ROCOR has also been careful, of late, to avoid putting bishops into cities that already have bishops from other jurisdictions, even when doing so is inconvenient. I don't think ROCOR is intending to hang on to our American parishes forever, but is requiring that key functional matters -- "practices on the conducting of inter-faith marriages; the practices of reception into the Church; divergent approaches to fasting; issues of confession and preparation for Holy Communion; the release and reception of clergy; etc." -- be made at least compatible first.

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    3. "martiancyclist", I think you missed my point.

      Historically the canon 39 of the 6th Council matter did not put "an autocephalous church with with an enclave inside of another autocephalous church."

      It actually moved the provincial primacy from the traditional metropolis to another newly created see, and cut the whole autonomous province loose from Constantinople in order to make it autocephalous - all so that they would not have parallel jurisdictions in the same territory.

      As such, appealing to this canon in an effort to justify the current situation in the US & other places in the "diaspora" is simply irrelevant. There is no comparison. Its actually worse than saying something like, "My daughter's favorite color is purple. Ergo, our multiple overlapping jurisdictions are not contrary to the canons." because this c. 39 issues reinforced the fundamental Orthodox ecclesiology principle that there should only be one Church/bishop in any given geographic local.

      This line of reasoning is clearly a desperate attempt to justify an agenda. For all I know the agenda may be perfectly appropriate, but the logic & scholarship (if you can even use that word in this case) is fatally flawed.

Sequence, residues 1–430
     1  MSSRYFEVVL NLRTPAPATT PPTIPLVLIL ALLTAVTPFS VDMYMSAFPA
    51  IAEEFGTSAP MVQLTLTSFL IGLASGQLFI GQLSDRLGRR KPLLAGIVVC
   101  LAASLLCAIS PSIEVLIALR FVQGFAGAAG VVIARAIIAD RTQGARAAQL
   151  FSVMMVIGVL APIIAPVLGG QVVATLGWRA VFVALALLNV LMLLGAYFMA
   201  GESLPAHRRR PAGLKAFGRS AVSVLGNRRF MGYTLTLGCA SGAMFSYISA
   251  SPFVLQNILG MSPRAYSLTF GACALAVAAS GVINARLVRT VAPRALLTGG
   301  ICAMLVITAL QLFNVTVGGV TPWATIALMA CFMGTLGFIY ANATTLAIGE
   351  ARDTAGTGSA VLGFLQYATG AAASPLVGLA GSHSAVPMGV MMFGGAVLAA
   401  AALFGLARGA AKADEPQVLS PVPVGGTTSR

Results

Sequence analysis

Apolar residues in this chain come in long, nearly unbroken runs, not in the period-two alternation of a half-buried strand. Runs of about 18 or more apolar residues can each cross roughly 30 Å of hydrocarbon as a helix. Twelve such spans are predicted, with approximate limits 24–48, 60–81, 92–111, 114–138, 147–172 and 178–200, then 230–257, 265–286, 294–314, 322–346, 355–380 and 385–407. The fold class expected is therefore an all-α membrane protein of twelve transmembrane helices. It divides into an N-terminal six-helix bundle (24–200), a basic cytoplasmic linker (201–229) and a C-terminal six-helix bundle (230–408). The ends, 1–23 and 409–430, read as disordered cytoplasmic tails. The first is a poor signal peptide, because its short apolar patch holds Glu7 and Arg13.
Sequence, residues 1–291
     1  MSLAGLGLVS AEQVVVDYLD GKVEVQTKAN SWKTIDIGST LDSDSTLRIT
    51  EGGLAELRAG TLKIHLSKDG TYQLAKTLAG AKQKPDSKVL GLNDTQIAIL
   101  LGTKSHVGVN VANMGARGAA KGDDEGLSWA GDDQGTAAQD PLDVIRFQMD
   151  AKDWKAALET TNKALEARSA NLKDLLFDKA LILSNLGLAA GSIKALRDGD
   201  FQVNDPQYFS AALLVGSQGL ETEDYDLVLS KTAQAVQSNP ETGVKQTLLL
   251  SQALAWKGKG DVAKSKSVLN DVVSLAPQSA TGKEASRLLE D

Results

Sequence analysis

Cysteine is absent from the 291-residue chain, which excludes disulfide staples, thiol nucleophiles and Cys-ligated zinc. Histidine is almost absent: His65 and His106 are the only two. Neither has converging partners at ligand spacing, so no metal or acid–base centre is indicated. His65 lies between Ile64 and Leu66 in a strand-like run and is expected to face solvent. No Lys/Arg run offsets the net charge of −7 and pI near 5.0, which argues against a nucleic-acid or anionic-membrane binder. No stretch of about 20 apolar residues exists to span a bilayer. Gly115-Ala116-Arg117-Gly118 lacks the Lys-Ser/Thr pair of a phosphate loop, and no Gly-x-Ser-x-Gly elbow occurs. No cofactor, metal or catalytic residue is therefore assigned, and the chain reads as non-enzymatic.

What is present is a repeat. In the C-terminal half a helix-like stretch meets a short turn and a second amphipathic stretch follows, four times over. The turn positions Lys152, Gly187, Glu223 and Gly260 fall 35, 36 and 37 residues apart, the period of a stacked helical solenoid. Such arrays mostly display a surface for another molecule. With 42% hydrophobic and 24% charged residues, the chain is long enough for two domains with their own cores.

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    4. Also, "martiancyclist", you wrote, "I don't think ROCOR is intending to hang on to our American parishes forever, but is requiring that key functional matters...be made at least compatible first."

      I doesn't matter a lick what you or I think the ROCOR synod intends to do. The only thing that matters is what they said, and they unequivocally stated that they believe the status quo of multiple overlapping jurisdictions is not contrary to the canons & as such there is no reason the change the jurisdictional structures.

      If they wanted to say that they would not be willing to participate in a merger of all the jurisdictions until "key functional matter…be made at least compatible first" they could have easily said that. However, they didn't.

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  8. The problem with ROCOR's dependence on the example of c. 39 of the VI Council comes with how it ended: once the danger was lifted, the Church on the Hellespont picked up and went back to Cyprus.
    Communism has fallen. ROCOR can pick up and go back.

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    1. At this point it's just shameless phyletism that is pathetically justified. It's sad really.

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    2. I'm in ROCOR -- where is this "back" you want me to go, Oklahoma?

      I'm not Russian, and neither is about 1/3 of ROCOR in America, at least, and only a minority was actually born in Russia.

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    3. You should point this out to your hierarchs, though they've made it about as clear as they can where they place you in the pecking order.